September 29, 2013 | by Hiu Chung So
As with most types of cancer, the risk of developing breast cancer is based on both genetic and environmental factors. The former is fixed, but people do have control over the latter. The key is to make lifestyle choices that can lower that risk.
Establishing precisely what those choices are — and their impact — is the goal of Leslie Bernstein, Ph.D., R.N., professor and director of City of Hope's Division of Cancer Etiology. Bernstein is also the principal investigator of the California Teachers Study, which has tracked more than 133,000 participants since 1995 to assess whether certain behaviors are linked to cancer and other diseases later in life.
In the video above, Bernstein talks about two actions women can take to minimize their cancer risk: Exercise regularly and limit alcohol intake.
"People always say, 'Is it the activity or the fact that it makes you thinner?' and we think it's the activity directly, so I always recommend that women exercise," Bernstein said.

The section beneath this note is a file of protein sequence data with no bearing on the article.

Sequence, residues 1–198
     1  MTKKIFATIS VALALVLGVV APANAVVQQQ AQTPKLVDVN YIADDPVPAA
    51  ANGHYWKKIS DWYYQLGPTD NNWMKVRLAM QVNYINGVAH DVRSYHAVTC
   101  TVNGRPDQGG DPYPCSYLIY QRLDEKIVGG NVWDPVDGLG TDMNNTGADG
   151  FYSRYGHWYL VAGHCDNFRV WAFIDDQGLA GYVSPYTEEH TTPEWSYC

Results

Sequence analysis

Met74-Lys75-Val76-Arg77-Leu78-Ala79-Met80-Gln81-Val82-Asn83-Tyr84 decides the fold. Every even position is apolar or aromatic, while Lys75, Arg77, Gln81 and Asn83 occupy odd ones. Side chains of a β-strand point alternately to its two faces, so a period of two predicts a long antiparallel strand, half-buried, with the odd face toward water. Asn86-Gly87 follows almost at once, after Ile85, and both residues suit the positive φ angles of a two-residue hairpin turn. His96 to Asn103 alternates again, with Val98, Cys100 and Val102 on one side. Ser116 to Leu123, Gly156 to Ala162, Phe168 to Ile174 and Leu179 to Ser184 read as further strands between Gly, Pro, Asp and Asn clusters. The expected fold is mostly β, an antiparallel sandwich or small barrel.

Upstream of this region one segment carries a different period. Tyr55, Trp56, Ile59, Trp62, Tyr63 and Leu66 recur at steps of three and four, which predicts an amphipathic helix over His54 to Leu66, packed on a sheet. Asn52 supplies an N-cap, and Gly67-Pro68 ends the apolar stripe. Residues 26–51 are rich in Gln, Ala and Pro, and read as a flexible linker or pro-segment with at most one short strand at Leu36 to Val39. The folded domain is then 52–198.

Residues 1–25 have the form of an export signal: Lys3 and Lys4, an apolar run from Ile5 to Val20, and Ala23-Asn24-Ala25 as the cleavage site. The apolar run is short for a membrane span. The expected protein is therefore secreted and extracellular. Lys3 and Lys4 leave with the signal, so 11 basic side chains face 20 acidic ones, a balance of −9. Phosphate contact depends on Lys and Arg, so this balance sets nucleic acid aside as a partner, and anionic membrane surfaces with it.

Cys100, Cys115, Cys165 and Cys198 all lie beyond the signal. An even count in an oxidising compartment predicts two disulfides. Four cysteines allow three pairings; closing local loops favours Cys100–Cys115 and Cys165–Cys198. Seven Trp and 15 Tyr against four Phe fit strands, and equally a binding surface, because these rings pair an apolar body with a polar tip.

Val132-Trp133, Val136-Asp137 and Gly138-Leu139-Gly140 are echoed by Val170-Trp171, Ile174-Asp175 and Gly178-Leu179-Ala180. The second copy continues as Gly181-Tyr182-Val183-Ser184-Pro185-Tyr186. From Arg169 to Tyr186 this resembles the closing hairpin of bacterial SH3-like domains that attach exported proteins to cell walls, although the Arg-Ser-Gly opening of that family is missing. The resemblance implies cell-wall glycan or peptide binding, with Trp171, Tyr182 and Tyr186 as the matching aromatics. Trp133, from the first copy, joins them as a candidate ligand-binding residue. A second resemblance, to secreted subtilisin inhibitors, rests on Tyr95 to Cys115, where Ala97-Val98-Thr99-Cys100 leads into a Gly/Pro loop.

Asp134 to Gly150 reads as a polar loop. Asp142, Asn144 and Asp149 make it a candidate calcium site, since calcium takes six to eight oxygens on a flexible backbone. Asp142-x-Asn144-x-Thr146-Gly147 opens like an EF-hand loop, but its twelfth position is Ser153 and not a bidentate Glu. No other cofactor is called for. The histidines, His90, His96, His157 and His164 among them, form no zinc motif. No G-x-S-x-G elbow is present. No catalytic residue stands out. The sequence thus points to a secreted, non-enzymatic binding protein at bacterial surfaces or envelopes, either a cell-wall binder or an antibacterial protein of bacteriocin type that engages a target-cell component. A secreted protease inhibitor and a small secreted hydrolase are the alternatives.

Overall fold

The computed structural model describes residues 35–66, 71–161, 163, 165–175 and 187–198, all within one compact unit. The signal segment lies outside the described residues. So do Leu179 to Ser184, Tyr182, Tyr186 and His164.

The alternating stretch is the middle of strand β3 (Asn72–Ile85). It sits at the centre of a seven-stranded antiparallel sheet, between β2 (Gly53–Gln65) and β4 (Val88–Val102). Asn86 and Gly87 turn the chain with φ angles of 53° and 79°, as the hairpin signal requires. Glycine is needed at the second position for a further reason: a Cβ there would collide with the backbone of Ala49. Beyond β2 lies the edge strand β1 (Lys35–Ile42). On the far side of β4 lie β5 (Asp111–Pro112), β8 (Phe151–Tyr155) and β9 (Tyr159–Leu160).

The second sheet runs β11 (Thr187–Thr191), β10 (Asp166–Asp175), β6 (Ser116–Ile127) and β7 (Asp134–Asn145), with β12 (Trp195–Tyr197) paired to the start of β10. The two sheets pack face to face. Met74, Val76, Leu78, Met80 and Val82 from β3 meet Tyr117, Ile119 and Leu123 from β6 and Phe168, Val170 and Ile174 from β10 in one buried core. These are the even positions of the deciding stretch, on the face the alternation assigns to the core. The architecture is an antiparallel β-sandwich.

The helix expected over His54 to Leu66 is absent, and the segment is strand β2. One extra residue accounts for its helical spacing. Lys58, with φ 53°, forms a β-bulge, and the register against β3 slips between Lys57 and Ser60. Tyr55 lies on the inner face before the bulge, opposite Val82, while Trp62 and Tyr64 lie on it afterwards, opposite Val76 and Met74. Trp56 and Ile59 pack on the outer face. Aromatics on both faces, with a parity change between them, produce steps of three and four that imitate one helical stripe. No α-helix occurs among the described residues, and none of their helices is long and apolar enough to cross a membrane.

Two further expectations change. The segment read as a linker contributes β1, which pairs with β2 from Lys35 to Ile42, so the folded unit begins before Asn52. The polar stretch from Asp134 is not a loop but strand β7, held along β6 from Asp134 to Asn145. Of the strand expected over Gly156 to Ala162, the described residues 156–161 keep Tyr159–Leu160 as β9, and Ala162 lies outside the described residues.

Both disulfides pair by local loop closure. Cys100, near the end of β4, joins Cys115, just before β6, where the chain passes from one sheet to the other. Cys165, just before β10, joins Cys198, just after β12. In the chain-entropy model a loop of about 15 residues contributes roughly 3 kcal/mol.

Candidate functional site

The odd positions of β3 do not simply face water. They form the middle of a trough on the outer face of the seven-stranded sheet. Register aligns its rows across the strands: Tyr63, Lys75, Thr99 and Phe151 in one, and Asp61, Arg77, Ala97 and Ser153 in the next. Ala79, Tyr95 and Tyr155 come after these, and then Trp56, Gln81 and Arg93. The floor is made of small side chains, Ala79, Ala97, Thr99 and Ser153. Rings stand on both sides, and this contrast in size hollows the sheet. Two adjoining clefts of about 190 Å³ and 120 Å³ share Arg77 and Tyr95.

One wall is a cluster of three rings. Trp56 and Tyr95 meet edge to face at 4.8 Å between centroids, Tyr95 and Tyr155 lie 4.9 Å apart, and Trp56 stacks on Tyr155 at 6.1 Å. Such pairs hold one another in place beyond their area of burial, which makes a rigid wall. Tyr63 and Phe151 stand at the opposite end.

The advice holds true regardless of women's weight. Her published studies linked exercise to lower odds of developing breast cancer in both normal weight and overweight women.
Bernstein added that, although research hasn't yet established what type or intensity of exercise yields the most benefit, the reduction in breast cancer risk was observed in women who exercised at least three to four hours per week.
Alcohol intake plays another significant, if minor, role in breast cancer risk.
"If you drank one alcoholic drink a day, your risk would only increase minutely, by 10 percent. And that's small," Bernstein said, suggesting that women who choose to drink alcohol should limit their consumption to no more than one alcoholic beverage a day.
Bernstein and her team are now looking into the role of regular aspirin intake on breast cancer risk, because aspirin acts against inflammation and aromatase — both of which are linked to breast cancer growth and development.
Further, the California Teachers Study is starting to collect blood and saliva samples from its participants, so researchers can better study the gene-environment interactions and other factors that lead to breast cancer.
There is no one lifestyle choice that can prevent breast cancer, but Bernstein strongly urges women to start or continue a regular exercise regimen. Not only does it lower cancer risk, it can also add years to your life.